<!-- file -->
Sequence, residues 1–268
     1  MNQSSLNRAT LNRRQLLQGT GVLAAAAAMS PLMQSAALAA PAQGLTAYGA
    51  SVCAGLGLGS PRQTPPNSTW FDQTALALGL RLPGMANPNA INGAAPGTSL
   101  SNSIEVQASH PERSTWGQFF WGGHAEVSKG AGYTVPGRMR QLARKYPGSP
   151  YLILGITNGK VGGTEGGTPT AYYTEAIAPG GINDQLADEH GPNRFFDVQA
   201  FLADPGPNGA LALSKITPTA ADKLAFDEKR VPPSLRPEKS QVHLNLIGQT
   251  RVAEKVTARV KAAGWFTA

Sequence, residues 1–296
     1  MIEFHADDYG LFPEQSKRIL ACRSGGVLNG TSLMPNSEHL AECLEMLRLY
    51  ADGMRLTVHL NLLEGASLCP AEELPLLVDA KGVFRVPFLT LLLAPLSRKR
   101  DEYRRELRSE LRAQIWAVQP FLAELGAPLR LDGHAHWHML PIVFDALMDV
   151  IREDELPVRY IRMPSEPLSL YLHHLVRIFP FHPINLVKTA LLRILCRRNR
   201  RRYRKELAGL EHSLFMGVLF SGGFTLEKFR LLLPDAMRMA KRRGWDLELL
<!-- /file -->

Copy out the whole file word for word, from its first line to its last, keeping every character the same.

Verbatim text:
Sequence, residues 1–268
     1  MNQSSLNRAT LNRRQLLQGT GVLAAAAAMS PLMQSAALAA PAQGLTAYGA
    51  SVCAGLGLGS PRQTPPNSTW FDQTALALGL RLPGMANPNA INGAAPGTSL
   101  SNSIEVQASH PERSTWGQFF WGGHAEVSKG AGYTVPGRMR QLARKYPGSP
   151  YLILGITNGK VGGTEGGTPT AYYTEAIAPG GINDQLADEH GPNRFFDVQA
   201  FLADPGPNGA LALSKITPTA ADKLAFDEKR VPPSLRPEKS QVHLNLIGQT
   251  RVAEKVTARV KAAGWFTA

Sequence, residues 1–296
     1  MIEFHADDYG LFPEQSKRIL ACRSGGVLNG TSLMPNSEHL AECLEMLRLY
    51  ADGMRLTVHL NLLEGASLCP AEELPLLVDA KGVFRVPFLT LLLAPLSRKR
   101  DEYRRELRSE LRAQIWAVQP FLAELGAPLR LDGHAHWHML PIVFDALMDV
   151  IREDELPVRY IRMPSEPLSL YLHHLVRIFP FHPINLVKTA LLRILCRRNR
   201  RRYRKELAGL EHSLFMGVLF SGGFTLEKFR LLLPDAMRMA KRRGWDLELL